(#33 in a series of people who changed the course of my life)
Back in May 2015, Olinka Green was attacked by people in power who were supposedly there to protect her. Yet unlike so many victims of police brutality, Olinka lived to tell about it.
As I sat in the Interfaith Peace Chapel Thursday night (July 30) listening to her tell her story, I could not believe what I was hearing. Officers–who swore an oath to protect and defend all citizens–had brutalized this woman and then tried to turn it around on her.
How many times are we going to hear this story? How many more people of color must experience this kind of treatment by white men—and in Olinka’s case, a white woman—with a badge and gun?
Conveniently, the video of what happened is unavailable. (mm-hmmm.)
Fortunately, Olinka was no-billed by a grand jury. (ya think?!)
Incredibly, Olinka did not suffer the same fate as Sandra Bland.
Olinka credits #BlackLivesMatters for saving her life. She said peoples’ actions changed when she asserted that HER LIFE MATTERED. And when said she could not breathe, she let them know they were not going to take her life. And because she lived, she’s using her life to call for reform and a change in this country:
“If we’re silent, then it’s ok for us to die.
I’M NOT GOING TO BE SILENT.”
And we shouldn’t be either.
And then Olinka said some things I did not expect:
Let me tell you something: if you’re gay–you’re black. If you’re black–you’re gay. You had pink triangles…we had shackles. You had Stonewall…we had Ferguson. We are in this together.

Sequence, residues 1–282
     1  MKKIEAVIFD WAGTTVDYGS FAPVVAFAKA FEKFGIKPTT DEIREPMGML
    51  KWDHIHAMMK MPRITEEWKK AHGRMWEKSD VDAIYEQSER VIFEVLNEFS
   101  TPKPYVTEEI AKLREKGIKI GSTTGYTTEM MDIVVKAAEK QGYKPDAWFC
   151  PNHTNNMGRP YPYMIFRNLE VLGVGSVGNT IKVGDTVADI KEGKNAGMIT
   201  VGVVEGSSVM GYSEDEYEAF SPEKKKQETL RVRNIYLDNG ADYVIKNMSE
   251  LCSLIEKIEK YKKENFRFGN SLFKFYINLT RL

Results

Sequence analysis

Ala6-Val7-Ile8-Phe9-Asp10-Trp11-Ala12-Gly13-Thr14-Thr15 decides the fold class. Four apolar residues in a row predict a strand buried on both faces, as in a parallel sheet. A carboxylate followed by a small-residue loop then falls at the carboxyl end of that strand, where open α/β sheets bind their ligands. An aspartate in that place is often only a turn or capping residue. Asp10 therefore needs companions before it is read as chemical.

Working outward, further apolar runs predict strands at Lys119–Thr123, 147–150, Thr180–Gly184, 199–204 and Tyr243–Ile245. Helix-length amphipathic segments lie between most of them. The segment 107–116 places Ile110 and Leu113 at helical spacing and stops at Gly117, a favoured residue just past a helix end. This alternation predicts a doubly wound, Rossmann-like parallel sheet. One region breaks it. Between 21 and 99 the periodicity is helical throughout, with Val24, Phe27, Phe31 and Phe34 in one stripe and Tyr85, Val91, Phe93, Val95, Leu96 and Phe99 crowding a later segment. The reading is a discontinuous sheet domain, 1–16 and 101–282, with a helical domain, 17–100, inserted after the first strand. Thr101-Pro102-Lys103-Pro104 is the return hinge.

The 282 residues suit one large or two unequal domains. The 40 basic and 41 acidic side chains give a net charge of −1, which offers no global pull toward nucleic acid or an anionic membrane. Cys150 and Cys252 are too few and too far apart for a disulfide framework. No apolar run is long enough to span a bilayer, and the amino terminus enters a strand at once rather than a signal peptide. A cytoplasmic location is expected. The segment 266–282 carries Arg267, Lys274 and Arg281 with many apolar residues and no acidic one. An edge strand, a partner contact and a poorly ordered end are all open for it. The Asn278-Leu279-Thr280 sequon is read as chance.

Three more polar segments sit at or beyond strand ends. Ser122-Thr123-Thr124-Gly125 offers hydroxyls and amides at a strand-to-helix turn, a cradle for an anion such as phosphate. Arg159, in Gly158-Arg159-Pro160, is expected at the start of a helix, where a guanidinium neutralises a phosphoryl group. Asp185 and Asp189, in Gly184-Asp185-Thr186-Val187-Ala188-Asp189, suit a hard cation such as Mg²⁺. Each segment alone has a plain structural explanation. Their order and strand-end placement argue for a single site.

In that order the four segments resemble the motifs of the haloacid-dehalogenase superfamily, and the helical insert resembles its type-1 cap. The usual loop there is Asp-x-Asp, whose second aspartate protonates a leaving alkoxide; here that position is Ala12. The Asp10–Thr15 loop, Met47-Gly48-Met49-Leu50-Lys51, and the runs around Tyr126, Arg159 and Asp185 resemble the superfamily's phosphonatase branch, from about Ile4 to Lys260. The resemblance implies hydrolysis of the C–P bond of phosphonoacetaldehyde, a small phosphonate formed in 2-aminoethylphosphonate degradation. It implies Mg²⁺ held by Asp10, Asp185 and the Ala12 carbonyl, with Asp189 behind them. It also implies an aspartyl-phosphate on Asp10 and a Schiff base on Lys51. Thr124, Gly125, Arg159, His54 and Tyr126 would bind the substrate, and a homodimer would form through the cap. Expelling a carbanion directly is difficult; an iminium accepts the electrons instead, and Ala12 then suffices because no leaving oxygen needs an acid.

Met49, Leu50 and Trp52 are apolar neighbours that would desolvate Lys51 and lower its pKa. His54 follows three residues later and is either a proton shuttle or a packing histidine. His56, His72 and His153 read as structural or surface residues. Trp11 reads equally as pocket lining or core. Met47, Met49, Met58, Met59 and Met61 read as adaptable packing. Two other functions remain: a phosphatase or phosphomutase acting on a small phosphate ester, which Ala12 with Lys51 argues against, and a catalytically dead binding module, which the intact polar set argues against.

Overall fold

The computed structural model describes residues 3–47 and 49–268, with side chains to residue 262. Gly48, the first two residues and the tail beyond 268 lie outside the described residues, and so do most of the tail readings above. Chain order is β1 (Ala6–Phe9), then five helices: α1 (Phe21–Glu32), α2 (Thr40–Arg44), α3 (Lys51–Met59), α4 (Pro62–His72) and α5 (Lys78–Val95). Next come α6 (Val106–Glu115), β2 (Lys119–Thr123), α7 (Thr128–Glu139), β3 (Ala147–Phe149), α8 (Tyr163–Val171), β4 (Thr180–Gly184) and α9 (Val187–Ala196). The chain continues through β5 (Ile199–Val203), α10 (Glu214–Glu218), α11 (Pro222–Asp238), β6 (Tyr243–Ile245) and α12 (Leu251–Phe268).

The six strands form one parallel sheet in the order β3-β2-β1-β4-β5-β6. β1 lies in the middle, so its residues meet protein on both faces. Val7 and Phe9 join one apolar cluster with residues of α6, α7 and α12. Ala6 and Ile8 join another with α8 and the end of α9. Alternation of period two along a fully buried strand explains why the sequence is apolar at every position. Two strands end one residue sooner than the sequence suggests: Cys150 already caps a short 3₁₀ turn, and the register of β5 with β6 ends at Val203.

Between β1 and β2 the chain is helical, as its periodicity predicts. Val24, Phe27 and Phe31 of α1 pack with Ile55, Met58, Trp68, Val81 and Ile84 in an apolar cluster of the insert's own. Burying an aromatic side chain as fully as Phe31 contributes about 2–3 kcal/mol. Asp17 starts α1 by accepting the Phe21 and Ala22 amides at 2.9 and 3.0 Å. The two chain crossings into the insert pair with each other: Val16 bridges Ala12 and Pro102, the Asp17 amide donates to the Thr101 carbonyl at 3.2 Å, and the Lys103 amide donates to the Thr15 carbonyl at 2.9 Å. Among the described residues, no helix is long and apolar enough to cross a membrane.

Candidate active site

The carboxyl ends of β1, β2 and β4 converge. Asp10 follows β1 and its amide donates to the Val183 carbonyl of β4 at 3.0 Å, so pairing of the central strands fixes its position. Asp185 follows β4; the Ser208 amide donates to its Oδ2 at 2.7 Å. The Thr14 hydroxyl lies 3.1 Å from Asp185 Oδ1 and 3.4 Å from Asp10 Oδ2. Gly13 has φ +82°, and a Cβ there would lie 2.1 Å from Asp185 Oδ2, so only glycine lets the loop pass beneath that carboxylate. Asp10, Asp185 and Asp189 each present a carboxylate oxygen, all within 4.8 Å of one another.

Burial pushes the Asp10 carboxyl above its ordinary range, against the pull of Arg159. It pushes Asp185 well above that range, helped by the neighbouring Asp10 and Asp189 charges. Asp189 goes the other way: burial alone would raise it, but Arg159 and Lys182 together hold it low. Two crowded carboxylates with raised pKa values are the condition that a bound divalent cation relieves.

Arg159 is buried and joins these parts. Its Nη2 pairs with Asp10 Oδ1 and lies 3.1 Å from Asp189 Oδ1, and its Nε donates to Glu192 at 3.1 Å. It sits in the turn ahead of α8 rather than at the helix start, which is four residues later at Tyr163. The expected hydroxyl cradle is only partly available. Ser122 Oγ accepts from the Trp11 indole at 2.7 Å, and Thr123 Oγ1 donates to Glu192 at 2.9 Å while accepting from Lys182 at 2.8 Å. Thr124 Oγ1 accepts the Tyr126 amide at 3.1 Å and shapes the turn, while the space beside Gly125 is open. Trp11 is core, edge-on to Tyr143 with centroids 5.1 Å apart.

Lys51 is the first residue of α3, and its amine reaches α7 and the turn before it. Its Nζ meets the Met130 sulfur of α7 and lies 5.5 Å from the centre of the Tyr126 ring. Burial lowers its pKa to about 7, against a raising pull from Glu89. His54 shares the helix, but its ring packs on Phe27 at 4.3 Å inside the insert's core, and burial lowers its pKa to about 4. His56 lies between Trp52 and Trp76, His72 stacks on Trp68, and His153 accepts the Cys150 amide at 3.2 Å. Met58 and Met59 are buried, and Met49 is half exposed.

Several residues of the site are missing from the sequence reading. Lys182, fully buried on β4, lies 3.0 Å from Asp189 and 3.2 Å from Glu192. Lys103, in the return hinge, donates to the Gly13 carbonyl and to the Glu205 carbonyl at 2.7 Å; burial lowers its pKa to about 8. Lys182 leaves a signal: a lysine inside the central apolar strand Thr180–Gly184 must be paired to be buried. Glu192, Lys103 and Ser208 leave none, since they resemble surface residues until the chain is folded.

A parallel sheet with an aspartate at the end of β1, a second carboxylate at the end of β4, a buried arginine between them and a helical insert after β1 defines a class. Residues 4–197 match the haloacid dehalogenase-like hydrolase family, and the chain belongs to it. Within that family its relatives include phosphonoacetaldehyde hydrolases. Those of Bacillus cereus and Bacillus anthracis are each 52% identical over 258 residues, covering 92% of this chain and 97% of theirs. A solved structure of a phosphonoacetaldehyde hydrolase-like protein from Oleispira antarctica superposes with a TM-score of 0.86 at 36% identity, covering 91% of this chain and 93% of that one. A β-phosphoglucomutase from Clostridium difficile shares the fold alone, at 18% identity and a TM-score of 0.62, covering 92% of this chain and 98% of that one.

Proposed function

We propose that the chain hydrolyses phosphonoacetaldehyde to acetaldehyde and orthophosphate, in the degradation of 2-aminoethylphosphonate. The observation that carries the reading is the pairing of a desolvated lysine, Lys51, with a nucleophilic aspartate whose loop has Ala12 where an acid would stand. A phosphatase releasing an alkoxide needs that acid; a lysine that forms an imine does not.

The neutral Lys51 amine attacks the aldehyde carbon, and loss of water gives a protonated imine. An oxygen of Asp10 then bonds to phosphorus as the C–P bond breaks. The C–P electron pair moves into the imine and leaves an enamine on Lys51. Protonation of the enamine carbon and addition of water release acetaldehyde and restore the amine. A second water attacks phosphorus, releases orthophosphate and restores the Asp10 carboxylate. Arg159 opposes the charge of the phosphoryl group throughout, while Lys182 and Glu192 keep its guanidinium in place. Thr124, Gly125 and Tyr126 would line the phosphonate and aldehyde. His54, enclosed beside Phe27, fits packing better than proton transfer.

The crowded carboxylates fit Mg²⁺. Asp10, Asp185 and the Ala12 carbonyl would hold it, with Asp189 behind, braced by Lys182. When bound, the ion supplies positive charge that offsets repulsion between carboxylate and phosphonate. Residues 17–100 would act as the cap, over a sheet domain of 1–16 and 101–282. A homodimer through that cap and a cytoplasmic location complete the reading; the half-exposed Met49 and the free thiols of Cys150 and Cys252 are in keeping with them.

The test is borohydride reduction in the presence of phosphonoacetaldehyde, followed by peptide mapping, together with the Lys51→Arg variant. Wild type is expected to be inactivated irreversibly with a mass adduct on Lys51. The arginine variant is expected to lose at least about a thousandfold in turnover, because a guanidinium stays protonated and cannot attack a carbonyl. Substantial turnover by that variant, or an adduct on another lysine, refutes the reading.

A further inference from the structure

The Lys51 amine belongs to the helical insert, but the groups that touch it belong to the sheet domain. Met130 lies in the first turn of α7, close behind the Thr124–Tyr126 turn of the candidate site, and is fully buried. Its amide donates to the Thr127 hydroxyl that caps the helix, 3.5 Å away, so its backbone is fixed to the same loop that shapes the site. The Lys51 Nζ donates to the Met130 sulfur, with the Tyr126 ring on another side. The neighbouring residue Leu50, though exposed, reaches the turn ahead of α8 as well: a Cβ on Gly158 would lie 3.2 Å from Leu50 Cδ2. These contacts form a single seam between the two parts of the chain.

My goodness! This woman whose life was almost taken from her is now leveraging her passion to take a stand for me. How dare I not respond in-kind and take a stand with her?!
How dare any of us not.
And as she spoke, and grieved, and then was silent—it hit me: I am leaving for just exactly this purpose, to fight for people like her and to wake up people like me.
You see, as a white man, I will never be confronted with my race. I will not be pulled over because I’m white. In fact, I will be treated better and with more dignity because I am white. And yet I see white people of faith paralyzed with inaction, not understanding that their God calls them to use their privilege to let the world know that it is immoral, unchristian, ungodly—whatever you want to call it—to treat people badly. That includes poor people. Black people.Transgender people. Immigrants. Mentally ill people. ANY. ONE.
Olinka’s words are still resonating in my mind and spirit; I remain unsettled. She challenged me and probably didn’t even know as she warned anyone who will put their bodies and lives into this movement:
“When you’re calling for righteousness, you become a target.”
I accept that challenge and will do my damnedest to change this world so that we can say—and by our actions show—that ALL lives do matter.
34. leading by example